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THE method of ascertaining the difference of level between stations on a trigonometrical survey by means of reciprocal angles of elevation and depression, has already been alluded to in page 32, and detailed sections of ground can be taken in the same manner, though not so conveniently or accurately as with a spirit level. It is however necessary, before entering upon this subject, to explain more fully the two corrections that must be applied to all vertical angles when used for the purpose of obtaining relative altitudes between stations a considerable distance apart, which were referred to in the chapter upon Triangulation. If they are only separated by a few hundred yards, the corrections are too trifling to have any appreciable effect upon the result.
Considering the earth as a sphere, any number of points upon its surface equidistant from its centre are on the same true level; but the apparent level (and of course, the apparent altitude or depression) is vitiated by these two causes of error, curvature and terrestrial refraction; the correction for the first of which depends upon the "arc of distance," which is that contained between the two stations at the centre of the earth; and the second upon their comparative elevations above the horizon.
The effect of the curvature of the earth is to depress any object below the spectator's sensible horizon. Every horizontal line is evidently a tangent to the surface of the globe at that spot; and the difference between the apparent and true level at any distant point B (putting the effect of refraction for the present out of the question) will be seen, by reference to the accompanying figure, to be the excess (B D) of the secant of the arc A D, above the radius C D.
Whence x (2r + x) = t2; and, owing to the small proportion that any distance measured on the surface must bear to the earth's radius, 2r may be substituted for (2r+ x), and the arc a for the
tangent t; 2rx then becomes
a2, and x = which, assuming
the mean diameter of the earth at 7916 miles, gives x
or 667 of a foot for one mile; which quantity increases as the square of the distance. Or otherwise,
2r+x: t : : t: x,
or 2r: a :: a: x, x being omitted in the expression (2r + x)
and a substituted for t; whence x = 2r as before.
A very easily remembered formula, derived from the above, for the correction for curvature in feet, is two-thirds of the square of the distance in miles; and another, for the same in inches, is the square of the distance in chains divided by 800*.
The second correction, terrestrial refraction, on the contrary, has the effect of elevating the apparent place of any object above its real place, and consequently, above the sensible horizon. The rays of light bent from their rectilinear direction in passing from a rare into a denser medium, or the reverse, are said to be refracted;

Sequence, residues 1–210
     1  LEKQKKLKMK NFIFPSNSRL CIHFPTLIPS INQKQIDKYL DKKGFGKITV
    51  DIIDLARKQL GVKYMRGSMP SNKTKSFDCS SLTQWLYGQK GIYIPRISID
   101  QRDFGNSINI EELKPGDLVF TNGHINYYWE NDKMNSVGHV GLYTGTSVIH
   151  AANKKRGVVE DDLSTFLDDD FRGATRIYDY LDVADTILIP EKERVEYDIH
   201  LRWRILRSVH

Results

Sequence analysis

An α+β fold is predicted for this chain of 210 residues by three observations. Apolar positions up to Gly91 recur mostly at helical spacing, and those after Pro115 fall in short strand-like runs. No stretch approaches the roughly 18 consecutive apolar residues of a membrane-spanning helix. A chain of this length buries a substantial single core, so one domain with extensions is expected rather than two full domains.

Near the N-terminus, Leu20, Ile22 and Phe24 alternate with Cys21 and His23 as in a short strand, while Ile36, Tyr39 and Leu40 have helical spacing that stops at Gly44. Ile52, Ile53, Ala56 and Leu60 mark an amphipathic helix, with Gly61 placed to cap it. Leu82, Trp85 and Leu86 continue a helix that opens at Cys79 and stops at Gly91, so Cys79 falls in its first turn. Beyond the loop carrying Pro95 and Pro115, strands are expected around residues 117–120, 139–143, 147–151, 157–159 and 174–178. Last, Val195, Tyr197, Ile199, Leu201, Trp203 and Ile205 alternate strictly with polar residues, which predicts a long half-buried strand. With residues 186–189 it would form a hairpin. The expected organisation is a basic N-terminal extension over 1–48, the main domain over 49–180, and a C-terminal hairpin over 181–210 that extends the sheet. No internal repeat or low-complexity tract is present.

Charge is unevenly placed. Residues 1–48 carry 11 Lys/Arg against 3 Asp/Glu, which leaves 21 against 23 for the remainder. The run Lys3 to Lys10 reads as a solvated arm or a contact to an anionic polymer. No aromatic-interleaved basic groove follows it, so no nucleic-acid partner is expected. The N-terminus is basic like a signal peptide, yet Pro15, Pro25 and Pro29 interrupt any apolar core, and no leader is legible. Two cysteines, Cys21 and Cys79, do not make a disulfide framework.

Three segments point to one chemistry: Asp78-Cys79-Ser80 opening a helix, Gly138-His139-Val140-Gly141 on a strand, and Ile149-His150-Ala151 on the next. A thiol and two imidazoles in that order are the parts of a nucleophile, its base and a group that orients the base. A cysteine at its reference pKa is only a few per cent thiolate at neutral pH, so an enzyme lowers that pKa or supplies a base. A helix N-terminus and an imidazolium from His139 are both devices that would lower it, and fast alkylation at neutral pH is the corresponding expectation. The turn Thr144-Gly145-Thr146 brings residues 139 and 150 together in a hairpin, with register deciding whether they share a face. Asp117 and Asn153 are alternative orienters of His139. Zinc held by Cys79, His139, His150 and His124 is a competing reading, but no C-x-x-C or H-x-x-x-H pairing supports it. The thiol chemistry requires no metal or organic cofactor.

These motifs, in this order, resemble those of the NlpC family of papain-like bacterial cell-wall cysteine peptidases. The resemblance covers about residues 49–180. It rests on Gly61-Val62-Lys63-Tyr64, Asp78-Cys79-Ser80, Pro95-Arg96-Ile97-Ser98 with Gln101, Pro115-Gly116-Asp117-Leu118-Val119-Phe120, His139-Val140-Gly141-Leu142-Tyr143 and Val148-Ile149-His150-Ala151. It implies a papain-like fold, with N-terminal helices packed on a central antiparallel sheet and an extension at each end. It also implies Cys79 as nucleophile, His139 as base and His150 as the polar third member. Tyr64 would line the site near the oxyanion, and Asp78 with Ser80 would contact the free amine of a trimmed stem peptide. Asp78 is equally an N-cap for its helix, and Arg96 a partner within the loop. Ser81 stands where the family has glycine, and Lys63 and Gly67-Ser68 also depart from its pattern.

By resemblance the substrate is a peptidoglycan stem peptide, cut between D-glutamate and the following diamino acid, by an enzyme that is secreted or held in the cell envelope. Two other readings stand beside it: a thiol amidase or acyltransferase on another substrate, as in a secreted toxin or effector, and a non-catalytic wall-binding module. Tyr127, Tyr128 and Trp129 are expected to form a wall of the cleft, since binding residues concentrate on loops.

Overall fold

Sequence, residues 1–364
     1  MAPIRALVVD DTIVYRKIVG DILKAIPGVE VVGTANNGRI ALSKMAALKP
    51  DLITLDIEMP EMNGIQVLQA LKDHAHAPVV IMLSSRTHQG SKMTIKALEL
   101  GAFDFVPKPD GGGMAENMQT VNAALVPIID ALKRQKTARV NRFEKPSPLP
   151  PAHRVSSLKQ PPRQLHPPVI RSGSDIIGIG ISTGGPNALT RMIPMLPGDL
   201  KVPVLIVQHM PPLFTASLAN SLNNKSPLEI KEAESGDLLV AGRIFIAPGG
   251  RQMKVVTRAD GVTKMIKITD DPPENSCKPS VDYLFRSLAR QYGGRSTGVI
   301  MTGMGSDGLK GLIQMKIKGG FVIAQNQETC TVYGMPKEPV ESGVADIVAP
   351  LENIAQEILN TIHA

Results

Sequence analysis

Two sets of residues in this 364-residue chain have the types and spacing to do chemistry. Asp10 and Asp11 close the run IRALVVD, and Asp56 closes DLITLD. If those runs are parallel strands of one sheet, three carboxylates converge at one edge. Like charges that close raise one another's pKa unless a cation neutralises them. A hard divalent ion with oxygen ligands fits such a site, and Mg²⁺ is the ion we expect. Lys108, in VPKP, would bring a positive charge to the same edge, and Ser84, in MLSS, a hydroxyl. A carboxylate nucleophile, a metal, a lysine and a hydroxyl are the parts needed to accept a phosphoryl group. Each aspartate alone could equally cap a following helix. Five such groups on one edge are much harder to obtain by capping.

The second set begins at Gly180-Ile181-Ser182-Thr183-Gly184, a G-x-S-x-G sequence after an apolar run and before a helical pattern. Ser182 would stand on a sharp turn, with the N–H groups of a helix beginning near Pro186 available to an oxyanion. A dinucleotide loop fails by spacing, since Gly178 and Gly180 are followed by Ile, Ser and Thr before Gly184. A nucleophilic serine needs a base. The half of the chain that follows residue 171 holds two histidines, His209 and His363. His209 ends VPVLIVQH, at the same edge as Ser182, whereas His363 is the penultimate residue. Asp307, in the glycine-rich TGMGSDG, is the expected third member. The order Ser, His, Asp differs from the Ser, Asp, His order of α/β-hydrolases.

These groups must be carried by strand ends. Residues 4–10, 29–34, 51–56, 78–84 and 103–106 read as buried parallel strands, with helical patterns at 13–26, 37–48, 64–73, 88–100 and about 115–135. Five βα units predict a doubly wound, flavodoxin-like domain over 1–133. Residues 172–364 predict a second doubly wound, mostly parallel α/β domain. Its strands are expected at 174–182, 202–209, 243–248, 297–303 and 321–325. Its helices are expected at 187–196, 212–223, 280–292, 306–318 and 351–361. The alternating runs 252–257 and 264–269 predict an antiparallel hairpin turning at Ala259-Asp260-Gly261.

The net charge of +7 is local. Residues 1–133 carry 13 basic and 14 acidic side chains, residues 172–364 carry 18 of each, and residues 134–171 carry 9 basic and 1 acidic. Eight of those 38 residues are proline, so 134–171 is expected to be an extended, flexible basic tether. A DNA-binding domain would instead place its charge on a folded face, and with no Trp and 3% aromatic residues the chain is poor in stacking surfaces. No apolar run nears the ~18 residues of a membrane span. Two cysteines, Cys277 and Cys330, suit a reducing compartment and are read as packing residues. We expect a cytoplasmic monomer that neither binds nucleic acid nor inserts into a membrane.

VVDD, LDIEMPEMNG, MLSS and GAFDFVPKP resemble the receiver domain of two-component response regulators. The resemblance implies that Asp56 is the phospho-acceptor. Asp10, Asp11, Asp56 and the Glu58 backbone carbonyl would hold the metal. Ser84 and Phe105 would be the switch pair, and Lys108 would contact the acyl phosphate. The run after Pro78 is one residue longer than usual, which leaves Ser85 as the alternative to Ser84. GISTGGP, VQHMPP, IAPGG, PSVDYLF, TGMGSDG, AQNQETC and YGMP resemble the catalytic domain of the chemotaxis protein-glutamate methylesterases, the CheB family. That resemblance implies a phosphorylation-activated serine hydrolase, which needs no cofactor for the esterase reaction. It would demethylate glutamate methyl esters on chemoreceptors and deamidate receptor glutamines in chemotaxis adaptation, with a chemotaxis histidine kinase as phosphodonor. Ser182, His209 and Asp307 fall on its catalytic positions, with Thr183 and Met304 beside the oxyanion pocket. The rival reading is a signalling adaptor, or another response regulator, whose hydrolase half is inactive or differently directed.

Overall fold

*The amount of the correction for curvature at different distances will be found by reference to the tables, and further remarks on Atmospheric Refraction in the chapter on the Definitions of Practical Astronomy.
and this causes an object to be seen in the direction of the tangent to the last curve at which the bent ray enters the eye, as in the last figure.
A is any station on the surface of the earth, the sensible horizon of which is AB; C and D are two stations on the summits of hills, of which C is supposed in reality to be situated on the horizontal line AB, and D above it, the angle of elevation of which is BAS. Owing, however, to the effects produced on the rays from these objects, in their passage to the eye, by the atmosphere through which they pass, they are seen in the directions A s and Ab, tangents to the curve described by the rays, and BA b, and SA s, are the measures of the respective terrestrial refractions.
Above eight or ten degrees of altitude, the rate at which the effects of refraction decrease as the altitudes increase (varying with the temperature and density of the atmosphere), is so well ascertained, that the refraction of the heavenly bodies for any altitude may be obtained with minute accuracy from any of the numerous tables compiled for the purpose of facilitating the reduction of astronomical observations; but when near the horizon, the refraction, then termed terrestrial refraction, is so unequally influenced by the variable state of the atmosphere that no dependence can be
placed upon the accuracy of any tabulated quantities*. The rays
are sometimes affected laterally, and they have been even seen convex instead of concave. Periods for observing angles of depression and elevation, particularly if the distances between the stations are long, should therefore be selected when this extraordinary refraction is least remarkable; morning and evening are the most favourable; and the heat of the day after moist weather, when there is a continued evaporation going on, is the least so.